BMW M5 (E34) 1988-95: Future classic

Presented by

The E34 M5 - the first of its type to be sold new locally - ticks the boxes for collectability

BMW M5 (E34) 1988-95: Future classic
Future classic: 1988-95 BMW M5 (E34)


1988 - 95 BMW E34 M5

At any given time there are likely to be no more than half a dozen BMW E34 M5s advertised for sale in Australia. Released in Europe in 1988, the M5 was launched here in July, 1990. At the time this spellbinding hotrod commanded $168,900 plus on-road costs, at a time when a reasonable house in Sydney's inner West was similarly priced (Mine was $140K).

et’s run through the criteria for classic car collectability. One: lasting desirability. Two: rarity. Three: brand status. The E34 M5 – the first of its type to be sold new in this country – surely ticks all three, remembering that M is a more special brand than even BMW! It’s hard to believe, then, that you can buy an excellent example for $20K.

The M5 seems to attract dedicated owners and many have been the subject of major restorations. Maintenance costs are a definite downside but if you buy a car with good history you might be pleasantly surprised. A quick online search discovered one example with over 500,000 kilometres on the odometer!

While it is quite easy to understand why HSV models of the early to mid-1990s are not highly prized, the M5’s lack of high status is bewildering. Perhaps its time is almost right, as I read recently in an English classic car magazine that 25 years is the tipping point, as those old enough to have coveted a car when it was new reach the stage of life where they can afford it. The best Aussie illustration of this is the XY GT-HO Phase III.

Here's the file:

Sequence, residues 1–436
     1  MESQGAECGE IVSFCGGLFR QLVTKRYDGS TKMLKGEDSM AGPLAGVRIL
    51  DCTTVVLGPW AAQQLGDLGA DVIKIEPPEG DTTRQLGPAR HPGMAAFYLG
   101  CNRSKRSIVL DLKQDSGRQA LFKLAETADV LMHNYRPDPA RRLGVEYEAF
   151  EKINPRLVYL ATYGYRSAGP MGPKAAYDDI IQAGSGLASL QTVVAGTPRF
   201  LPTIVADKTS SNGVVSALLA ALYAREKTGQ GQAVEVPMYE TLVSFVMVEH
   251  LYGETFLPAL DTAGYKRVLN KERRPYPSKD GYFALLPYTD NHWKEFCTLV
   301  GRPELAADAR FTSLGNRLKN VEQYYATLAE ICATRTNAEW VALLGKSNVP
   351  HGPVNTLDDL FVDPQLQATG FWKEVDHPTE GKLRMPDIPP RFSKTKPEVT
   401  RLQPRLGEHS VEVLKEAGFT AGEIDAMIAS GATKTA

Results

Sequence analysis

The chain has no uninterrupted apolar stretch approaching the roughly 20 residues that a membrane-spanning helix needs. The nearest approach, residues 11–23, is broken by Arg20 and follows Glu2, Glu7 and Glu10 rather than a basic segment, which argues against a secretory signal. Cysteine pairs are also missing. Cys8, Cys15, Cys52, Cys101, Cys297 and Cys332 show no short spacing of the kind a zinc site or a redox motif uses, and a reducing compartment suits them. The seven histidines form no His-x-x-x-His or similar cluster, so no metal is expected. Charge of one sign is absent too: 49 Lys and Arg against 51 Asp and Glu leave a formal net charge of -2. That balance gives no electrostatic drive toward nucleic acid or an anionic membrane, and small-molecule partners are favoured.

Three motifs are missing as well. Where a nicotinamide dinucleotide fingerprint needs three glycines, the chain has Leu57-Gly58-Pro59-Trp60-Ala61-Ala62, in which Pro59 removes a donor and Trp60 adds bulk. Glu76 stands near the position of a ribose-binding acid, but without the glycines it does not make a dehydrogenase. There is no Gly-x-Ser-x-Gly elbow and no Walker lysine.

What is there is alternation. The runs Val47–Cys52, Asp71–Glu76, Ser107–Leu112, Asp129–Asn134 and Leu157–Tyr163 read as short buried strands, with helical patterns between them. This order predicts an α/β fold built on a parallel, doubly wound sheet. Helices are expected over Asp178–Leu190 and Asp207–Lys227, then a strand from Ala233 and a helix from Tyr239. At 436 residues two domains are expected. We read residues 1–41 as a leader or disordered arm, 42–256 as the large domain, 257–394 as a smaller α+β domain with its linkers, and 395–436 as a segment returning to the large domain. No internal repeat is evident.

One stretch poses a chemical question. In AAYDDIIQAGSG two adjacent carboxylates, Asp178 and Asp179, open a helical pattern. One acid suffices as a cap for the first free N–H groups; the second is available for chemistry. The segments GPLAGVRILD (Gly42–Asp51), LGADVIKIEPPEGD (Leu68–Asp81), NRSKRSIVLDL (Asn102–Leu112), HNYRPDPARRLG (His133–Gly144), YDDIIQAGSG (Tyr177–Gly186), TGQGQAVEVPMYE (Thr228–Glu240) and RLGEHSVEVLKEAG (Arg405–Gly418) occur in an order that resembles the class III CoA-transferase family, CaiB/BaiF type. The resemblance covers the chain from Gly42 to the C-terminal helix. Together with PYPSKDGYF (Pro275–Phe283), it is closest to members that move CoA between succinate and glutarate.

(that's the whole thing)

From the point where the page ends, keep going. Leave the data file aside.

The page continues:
Where HSVs of the 1990s were little more than mildly warmed-over Commodores with tasteless trim and garish badging, any BMW that has a second name beginning with the letter ‘M’ feels like its own car.

I tested an E34 M5 when it was new and it was easily the best thing I had ever driven. In the 1992 James Hardie 12-Hour, in which I raced a Citroën BX 16-Valve, I got lots of opportunities to watch the M5 of Neville Crichton/Alan Jones/Tony Longhurst go by. It may have lacked the pace of the turbo RX-7s – especially up the mountain – but its balance and reliability were brilliant. In the end, despite a fastest lap time much slower than the Mazdas’, the M5 finished second, just three laps behind the first-placed RX-7 – without a turbo in sight.

The initial E34 M5 had 232kW and 360Nm from 3.5 litres when a VP Commodore mustered 127kW and 293Nm from its 3.8-litre V6. It was hard to get one’s head around any peak power number starting with a ‘2’. Think of it as a race engine, with a zest for revs and a lovely hard mechanical note.

Europe received a 255kW, 3.8-litre update in 1991. It’s believed one was delivered to Australia for BMW to evaluate. From 1994, a six-speed manual gearbox was also available.

Most Australian M5s seem to have been cherished, and if you can think of a better way to spend $20K, please let me know.


More reviews:

 > BMW E28 M5 review here

> Buying tips: 1999-2003 BMW M5 review here

> Buyer's Guide: BMW E34 5-series review here

Search used:

>> Search BMW cars for sale


Sign up to our free weekly newsletter for more unique car reviews and features plus see the latest unique and classic cars for sale.

Subscribe to Unique Cars magazine
- Print edition
- Digital edition